Veterans fishing program needs financial assistance

Cheshire, Conn.—“Sarge” needs your help to continue providing fishing therapy for wounded veterans.

Retired Marine Corps veteran Joe Kowalski has made it his mission to help fellow veterans with PTSD (post-traumatic stress disorder) and TBI (traumatic brain injury) through his special fishing program. Known as “Sarge” by his cohorts, Kowalski founded the Major Steven Roy Andrews Fishing Outreach Program that he named after his lifelong friend, a decorated B52 pilot who died in 2000.

Kowalski is a Black Bass Anglers club member who has made the Connecticut B.A.S.S. Nation state teams in 2005 and 2011. In addition to holding two tournaments for wounded warriors every year, Kowalski also takes out veterans on individual fishing trips throughout the year. “The Old Sarge has taken out one-on-one over the last eight years 262 veterans,” Kowalski said.

Kowalski picks up his fishing partners at a Veterans Administration (VA) hospital or veterans outreach center in Connecticut or other states throughout the Northeast and takes them to a local body of water for a full day of fishing. “I try to take a vet to a body of water he is going to be able to go back and fish,” Kowalski said.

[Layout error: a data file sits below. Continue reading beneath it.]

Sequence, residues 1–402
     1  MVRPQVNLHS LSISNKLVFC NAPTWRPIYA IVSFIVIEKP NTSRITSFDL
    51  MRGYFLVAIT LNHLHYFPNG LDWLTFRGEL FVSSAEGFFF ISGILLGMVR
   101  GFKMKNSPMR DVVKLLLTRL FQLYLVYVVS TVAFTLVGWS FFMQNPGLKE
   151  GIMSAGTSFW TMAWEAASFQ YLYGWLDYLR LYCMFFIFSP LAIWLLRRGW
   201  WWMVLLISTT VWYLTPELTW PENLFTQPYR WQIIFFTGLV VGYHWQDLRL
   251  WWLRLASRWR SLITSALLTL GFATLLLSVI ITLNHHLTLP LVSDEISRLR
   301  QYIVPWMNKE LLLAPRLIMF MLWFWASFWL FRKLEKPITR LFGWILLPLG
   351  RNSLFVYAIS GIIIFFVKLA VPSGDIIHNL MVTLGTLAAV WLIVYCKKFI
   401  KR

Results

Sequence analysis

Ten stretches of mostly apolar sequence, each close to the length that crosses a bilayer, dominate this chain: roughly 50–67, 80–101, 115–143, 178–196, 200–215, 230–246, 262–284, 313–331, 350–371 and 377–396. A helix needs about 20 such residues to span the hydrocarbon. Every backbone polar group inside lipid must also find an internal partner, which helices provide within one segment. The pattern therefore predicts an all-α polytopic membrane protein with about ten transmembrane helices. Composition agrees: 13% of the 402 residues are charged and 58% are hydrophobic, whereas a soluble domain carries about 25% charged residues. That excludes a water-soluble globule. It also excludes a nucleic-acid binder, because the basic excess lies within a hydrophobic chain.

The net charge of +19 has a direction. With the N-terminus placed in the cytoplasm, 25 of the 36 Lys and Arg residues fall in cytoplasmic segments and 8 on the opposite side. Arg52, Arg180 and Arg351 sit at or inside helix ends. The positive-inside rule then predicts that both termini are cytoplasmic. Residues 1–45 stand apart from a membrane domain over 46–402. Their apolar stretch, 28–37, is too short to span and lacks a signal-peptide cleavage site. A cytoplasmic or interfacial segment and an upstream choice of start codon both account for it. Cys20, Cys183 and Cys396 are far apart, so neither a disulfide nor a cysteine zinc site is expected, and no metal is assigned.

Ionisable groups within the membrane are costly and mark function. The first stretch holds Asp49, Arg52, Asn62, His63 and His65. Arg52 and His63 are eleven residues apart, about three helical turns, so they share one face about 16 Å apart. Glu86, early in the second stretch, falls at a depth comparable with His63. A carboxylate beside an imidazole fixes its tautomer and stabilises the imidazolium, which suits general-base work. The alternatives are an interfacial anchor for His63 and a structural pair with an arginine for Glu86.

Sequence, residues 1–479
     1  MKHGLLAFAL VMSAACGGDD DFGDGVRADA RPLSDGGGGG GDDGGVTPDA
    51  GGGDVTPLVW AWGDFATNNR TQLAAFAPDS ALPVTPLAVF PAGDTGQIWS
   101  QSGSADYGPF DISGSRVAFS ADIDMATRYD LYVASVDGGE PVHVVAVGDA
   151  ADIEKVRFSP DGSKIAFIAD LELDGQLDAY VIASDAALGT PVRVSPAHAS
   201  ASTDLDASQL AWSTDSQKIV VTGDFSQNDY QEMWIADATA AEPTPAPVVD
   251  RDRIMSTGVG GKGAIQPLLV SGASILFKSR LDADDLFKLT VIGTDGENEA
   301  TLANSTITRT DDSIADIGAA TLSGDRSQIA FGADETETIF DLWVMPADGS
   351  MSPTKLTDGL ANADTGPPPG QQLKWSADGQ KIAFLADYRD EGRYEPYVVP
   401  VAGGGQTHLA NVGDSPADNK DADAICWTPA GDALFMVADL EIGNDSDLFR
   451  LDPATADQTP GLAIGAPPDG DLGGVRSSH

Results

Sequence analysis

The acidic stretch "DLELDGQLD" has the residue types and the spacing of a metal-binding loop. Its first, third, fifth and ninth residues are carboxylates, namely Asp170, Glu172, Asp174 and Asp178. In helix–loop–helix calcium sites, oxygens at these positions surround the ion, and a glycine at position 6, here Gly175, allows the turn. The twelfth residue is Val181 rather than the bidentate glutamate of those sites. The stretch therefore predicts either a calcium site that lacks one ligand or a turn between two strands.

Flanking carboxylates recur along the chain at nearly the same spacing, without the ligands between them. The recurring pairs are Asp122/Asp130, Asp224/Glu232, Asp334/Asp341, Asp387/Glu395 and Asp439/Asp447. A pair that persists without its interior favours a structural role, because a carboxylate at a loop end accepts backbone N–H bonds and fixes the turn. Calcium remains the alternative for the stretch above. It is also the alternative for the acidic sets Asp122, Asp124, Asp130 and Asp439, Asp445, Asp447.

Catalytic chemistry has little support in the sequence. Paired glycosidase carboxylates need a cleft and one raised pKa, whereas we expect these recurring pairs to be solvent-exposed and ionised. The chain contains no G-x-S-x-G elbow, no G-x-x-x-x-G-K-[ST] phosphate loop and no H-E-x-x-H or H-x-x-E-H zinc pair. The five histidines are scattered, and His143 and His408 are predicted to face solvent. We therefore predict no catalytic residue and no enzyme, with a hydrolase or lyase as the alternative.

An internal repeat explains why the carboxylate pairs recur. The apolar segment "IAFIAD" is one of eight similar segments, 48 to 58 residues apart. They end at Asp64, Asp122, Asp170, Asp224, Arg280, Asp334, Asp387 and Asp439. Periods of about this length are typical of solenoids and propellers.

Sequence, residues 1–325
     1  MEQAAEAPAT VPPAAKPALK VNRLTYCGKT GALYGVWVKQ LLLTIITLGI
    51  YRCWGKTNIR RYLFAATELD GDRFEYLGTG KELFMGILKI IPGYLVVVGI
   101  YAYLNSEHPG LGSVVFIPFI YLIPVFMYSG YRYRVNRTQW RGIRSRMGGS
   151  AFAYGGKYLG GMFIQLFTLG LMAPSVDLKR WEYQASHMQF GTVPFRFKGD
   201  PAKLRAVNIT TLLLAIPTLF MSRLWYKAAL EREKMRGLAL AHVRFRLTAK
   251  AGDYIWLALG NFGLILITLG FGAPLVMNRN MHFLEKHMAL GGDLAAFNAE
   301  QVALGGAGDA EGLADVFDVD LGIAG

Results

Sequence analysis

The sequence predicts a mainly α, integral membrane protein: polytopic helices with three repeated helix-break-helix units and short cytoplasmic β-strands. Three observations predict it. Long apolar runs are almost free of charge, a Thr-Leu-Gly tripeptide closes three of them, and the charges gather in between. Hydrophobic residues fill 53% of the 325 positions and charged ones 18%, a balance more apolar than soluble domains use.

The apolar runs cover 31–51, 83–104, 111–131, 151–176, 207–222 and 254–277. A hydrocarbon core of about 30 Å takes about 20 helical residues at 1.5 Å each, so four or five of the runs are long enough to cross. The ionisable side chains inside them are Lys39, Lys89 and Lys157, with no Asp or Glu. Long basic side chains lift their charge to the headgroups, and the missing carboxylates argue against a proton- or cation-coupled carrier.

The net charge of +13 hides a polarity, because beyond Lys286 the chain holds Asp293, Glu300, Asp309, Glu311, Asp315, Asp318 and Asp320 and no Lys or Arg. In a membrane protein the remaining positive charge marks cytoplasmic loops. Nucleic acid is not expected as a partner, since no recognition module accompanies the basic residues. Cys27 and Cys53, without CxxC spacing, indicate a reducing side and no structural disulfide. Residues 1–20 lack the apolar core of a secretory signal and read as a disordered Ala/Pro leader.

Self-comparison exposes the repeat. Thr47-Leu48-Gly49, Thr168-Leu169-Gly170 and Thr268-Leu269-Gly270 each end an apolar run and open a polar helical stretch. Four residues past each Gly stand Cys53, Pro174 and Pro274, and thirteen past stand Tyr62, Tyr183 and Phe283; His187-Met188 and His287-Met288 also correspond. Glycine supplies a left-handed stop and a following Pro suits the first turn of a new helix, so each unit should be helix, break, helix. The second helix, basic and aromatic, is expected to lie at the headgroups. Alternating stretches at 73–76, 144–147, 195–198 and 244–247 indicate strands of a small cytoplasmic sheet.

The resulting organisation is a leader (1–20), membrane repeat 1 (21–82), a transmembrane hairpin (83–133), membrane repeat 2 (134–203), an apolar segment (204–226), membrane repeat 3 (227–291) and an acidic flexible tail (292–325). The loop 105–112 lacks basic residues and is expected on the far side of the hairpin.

Sponsors provide all the tackle for Kowalski’s fishing buddies. “I put together a tackle package of a rod, reel and tacklebox full of baits and I teach them how to use it,” Kowalski said. “This year I am trying to come out with a trifold folder of all the basic (fishing) information for them. So I can give them a Bass 101 course as we are driving out to the lake.”

The program gives vets more than $500 worth of tackle to take home and basic knowledge they can use for future fishing trips. “There are all kinds of programs out there (to take a vet fishing) and they are all great,” Kowalski said. “They all take a vet out for a day of fishing and that is super, but at the end of the day what do they have? A great memory, and there is nothing wrong with that, but what about next week, next month or next year?

Kowalski gives the program participants his phone number and his outreach program’s web site address to help them find out more about fishing. “Now they basically can give themselves therapy (through fishing),” Kowalski said. “I always make each person give me a promise at the end of the day that when that stuff in their head starts bothering them, they grab the rod and their box and go hit a pond or something somewhere.”

The non-profit program receives tackle donations from sponsors but Kowalski needs help covering transportation expenses of fuel and maintenance for his truck and boat, which he estimates costs him between $5,000 to $8,000 a year.

Donations to the program can be made at

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